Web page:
Micro X-ray diffraction and mechanical modeling on low-energy (60 keV) light-ion (He)-implanted polycrystals have shown that the strain tensor has only three nonzero components, which depend on grain orientation.
teaching and education
The common misinterpretation of a special orbit in centrosymmetric space groups as a general orbit in a polar subgroup is pointed out through some of the examples in IUCr Teaching Pamphlet No. 14, and an alternative interpretation is given.
Errors in the article by Popa & Balzar [J. Appl. Cryst. (2001), 34, 187–195], caused by an equation from literature used without checking, are corrected. It is expected that other published papers will have been affected as the source error is in a reference book.
The interactive powder diffraction program DAJUST for whole-pattern matching, space-group determination and extraction of integrated intensities is described. The resulting intensity data files are compatible with the XLENS (Patterson function direct methods) and TALP (direct-space multisolution methods) programs of the authors' laboratory (ICMAB, CSIC).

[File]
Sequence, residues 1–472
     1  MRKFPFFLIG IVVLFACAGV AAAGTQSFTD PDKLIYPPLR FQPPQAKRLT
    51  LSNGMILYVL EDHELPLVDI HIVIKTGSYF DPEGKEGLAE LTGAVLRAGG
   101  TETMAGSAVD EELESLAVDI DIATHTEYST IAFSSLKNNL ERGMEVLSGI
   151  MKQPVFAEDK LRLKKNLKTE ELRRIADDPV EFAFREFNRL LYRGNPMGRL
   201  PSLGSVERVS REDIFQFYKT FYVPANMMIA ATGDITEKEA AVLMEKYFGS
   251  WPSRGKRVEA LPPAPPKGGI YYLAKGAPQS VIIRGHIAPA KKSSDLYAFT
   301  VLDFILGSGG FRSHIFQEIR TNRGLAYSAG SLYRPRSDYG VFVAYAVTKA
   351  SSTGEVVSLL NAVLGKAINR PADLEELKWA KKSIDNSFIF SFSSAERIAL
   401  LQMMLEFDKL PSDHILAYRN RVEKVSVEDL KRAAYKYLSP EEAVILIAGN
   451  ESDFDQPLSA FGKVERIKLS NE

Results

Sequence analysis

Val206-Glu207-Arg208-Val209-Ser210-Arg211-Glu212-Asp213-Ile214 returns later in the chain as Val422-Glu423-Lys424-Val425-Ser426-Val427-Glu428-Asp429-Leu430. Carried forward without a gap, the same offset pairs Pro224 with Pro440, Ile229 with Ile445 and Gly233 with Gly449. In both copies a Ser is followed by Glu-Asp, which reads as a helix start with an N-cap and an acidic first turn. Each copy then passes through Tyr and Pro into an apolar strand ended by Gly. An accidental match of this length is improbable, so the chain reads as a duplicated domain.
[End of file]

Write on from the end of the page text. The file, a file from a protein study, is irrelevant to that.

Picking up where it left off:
A computer program is reported for the structure solution of extended inorganic frameworks in real space. The space group and cell parameters are the basic inputs required by this program. Prior chemical and crystallographic knowledge can significantly enhance its computation efficiency.
A computer program, QPCED2.0, has been developed for the handling of selected-area electron diffraction patterns for polycrystalline materials. The design and implementation of QPCED2.0 are elucidated and application examples are given.
A first-generation-synchrotron-class X-ray laboratory microsource, coupled to a three-pinhole camera, is presented. It allows small- and wide-angle X-ray scattering images to be acquired simultaneously, and scanning small- and wide-angle X-ray scattering microscopy to be carried out.